The Atlin writers’ festival not only offers music but also offers literature, readings and workshops.

Yukon author Lily Gontard organizes the festival in cooperation with Yukon Writers` Collective Ink. They receive funding and sponsoring from local businesses and bring authors from Outside into the territory.

“The mix of Yukon and outside writers is a way for local authors to network and evolve as artists,” Gontard said.

One of the festival highlights will be author Bev Sellars, a former chief and councillor of Xat´sull (Soda Creek) First Nation in Williams Lake, B.C. Her memoir, They Called me Number One: Secrets and Survival at an Indian Residential School, is about her traumatic experience in residential school. She will give a reading and a talk, and answer questions.

She said that writing her life story was difficult but therapeutic. “I cried enough tears to fill a swimming pool, but it was good. It allowed me to put it all in perspective.”

Jan Redford, a Squamish-based author, will share her experience, in a workshop, of writing her memoir, End of the Rope: Mountains, Marriage, and Motherhood. To write about hardship and loss, Redford went away to spend time in a cabin. “I poured out words and tears for ten days. I needed to be completely alone, undisturbed and in a quiet space for the tough stuff.

“In general, what works for me is to write emotionally and intensely in the first draft, put it away for a bit and go to other chapters, then come back to edit the maudlin aspects out of it,” said Redford.

Writing a memoir takes time, she continues, “I think it’s good to take as long as is needed. With memoir writing, the process is more important than the product.”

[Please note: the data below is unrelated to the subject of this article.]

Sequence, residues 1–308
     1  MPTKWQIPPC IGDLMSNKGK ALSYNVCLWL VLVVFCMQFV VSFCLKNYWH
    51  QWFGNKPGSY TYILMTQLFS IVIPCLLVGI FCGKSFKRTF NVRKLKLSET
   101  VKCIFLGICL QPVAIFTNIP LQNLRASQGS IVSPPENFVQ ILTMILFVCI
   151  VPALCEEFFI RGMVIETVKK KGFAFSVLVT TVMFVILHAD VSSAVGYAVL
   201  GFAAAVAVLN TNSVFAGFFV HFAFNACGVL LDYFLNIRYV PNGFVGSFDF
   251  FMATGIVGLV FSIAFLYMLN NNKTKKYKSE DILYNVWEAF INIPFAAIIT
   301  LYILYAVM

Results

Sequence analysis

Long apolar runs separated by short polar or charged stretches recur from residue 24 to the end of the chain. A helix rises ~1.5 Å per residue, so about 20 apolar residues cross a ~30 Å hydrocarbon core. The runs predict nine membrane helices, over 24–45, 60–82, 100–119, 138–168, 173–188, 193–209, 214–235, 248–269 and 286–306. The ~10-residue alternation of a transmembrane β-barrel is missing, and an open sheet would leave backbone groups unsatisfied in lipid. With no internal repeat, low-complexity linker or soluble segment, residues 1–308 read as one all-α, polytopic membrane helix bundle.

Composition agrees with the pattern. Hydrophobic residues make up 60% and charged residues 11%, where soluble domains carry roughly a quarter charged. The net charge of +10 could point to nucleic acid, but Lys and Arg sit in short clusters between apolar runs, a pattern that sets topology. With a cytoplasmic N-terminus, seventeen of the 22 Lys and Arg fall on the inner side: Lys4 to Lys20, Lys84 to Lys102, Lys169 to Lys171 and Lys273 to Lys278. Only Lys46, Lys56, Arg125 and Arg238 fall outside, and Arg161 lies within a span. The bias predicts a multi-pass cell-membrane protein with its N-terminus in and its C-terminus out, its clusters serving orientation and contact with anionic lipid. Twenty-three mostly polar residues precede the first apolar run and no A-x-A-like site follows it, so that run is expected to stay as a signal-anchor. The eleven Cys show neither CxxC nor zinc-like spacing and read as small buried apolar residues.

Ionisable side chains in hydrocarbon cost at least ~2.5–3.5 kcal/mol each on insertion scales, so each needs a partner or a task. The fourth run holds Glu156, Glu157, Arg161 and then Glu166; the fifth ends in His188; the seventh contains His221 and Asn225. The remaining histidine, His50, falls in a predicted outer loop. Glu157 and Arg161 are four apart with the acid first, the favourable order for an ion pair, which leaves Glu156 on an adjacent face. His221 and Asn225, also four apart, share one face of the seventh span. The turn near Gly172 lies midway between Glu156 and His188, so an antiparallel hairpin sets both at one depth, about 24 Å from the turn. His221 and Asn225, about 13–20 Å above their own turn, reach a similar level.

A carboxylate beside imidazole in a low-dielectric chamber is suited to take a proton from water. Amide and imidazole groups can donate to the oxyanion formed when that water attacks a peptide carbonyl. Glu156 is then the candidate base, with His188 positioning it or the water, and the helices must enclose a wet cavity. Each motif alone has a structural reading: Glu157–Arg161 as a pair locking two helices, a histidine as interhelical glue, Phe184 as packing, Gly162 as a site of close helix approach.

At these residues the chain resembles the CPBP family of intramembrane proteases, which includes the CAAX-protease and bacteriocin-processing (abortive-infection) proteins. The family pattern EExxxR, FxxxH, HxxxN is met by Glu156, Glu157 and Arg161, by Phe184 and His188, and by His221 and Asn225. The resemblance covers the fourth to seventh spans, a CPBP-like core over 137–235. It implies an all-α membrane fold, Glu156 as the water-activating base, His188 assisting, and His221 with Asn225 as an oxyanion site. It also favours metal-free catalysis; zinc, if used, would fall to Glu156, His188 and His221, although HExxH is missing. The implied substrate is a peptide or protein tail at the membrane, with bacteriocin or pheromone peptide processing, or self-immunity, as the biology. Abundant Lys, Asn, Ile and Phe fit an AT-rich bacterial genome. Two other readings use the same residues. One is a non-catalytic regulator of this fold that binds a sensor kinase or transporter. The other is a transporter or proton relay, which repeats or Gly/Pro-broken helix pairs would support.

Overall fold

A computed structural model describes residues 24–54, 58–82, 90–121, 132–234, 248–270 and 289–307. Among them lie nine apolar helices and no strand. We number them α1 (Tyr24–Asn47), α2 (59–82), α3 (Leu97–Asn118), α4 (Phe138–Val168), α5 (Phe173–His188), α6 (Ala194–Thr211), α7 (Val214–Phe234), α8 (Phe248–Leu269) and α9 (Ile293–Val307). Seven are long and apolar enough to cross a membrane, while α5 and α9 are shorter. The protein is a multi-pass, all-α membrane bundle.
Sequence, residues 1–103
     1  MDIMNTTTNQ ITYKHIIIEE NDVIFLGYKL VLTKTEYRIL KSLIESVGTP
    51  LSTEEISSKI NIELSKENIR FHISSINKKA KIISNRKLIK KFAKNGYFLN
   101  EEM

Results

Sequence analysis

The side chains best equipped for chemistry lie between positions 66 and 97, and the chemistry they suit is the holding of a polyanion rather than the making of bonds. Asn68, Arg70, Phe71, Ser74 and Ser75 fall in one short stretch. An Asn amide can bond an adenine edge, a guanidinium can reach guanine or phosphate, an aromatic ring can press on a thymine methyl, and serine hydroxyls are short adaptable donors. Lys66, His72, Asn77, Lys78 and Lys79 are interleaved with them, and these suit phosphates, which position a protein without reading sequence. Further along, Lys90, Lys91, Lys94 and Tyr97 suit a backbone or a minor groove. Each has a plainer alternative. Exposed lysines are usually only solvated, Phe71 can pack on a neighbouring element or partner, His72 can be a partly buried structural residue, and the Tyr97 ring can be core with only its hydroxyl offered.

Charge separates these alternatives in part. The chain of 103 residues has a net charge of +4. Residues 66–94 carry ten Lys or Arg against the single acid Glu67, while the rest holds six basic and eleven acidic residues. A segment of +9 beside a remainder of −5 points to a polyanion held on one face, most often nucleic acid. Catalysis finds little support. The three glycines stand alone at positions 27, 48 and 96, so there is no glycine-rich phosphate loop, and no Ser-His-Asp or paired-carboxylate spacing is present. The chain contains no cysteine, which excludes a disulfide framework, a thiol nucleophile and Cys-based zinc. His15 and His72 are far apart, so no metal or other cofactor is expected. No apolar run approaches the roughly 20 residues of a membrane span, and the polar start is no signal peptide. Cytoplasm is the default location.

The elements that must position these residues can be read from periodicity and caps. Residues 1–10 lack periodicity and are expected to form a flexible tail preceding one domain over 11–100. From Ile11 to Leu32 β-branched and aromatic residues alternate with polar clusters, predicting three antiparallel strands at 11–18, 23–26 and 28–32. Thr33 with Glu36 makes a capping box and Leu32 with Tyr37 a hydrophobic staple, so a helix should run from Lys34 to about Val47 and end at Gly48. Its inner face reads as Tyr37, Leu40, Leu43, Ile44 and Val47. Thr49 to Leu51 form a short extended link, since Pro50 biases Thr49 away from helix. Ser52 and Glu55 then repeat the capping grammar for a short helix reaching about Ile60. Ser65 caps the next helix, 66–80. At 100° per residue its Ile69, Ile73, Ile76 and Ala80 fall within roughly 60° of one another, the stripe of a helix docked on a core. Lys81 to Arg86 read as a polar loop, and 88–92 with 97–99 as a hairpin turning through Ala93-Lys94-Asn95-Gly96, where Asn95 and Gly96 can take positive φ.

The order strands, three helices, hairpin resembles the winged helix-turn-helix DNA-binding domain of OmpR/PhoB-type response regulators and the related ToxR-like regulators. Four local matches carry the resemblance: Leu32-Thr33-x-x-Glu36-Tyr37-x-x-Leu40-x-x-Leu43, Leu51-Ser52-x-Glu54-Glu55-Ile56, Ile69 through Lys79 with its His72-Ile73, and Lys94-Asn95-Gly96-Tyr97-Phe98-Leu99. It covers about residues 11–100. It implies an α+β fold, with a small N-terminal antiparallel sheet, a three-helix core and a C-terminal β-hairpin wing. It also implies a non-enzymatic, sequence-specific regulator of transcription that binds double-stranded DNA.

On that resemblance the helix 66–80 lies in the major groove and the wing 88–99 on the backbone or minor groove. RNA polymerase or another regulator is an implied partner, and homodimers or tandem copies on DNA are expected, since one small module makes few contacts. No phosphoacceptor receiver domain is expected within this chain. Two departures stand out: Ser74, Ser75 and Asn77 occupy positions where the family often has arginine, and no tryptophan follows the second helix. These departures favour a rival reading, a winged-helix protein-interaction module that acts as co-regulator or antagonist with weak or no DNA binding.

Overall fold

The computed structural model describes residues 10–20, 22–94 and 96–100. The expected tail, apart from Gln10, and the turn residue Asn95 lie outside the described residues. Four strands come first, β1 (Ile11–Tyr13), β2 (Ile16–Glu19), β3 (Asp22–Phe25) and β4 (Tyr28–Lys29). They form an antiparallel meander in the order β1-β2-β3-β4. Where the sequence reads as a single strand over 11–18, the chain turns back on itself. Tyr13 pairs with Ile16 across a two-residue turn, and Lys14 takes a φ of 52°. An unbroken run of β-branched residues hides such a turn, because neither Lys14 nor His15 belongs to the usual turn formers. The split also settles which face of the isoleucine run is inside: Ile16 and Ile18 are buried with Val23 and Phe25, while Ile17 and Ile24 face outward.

Redford will share her experience in a workshop, during the festival, explaining how she overcame many “brick walls” that she hit while working on the book: “In the workshop we’ll test out a couple of my structuring methods, with Crayola markers, rolls of paper and sticky notes.

“Ultimately, we’ll have our biggest aha moments as we put our heads together and share our own brick walls, then brainstorm methods of overcoming them.”

It took Redford 12 years to write her book. In the workshop, she will teach participants how to write a memoir in less than 12 years. She will also share how she got over some obstacles, on the way, and landed a book deal with Random House of Canada (now Penguin Random House Canada).

The topic of two workshops, with agent Marilyn Biderman from Transatlantic Agency in Toronto, will be about how to get published. Writers can sign up for a 15-minute one-on-one session where they can pitch their manuscript to her.

Kate Harris (from Atlin) will give a workshop about the art of science writing. She recently published her book, Lands of lost Borders: Out of Bounds on the Silk Road, which is about a bicycle trip down the Silk Road in Asia.

Yukon authors Michele Genest and Peter Jickling will talk about making their way as writers and poets, and about how they took their work outside the territory. Joanna Lilley, who is a Yukon-based author, will host this conversation.

Peter Jickling moved to Toronto, in 2016, and wrote his poetry collection, Downtown Flirt, which will be published by Guernica Editions, in 2019. The festival is growing and plans are already underway for 2019, Gontard said.

Atlin Lit Up! takes place on July 7 and 8. To register for workshops or for one-on-one sessions to pitch your manuscript, contact lilygontard@gmail.com. Or visit www.atlinfestival.ca for more details.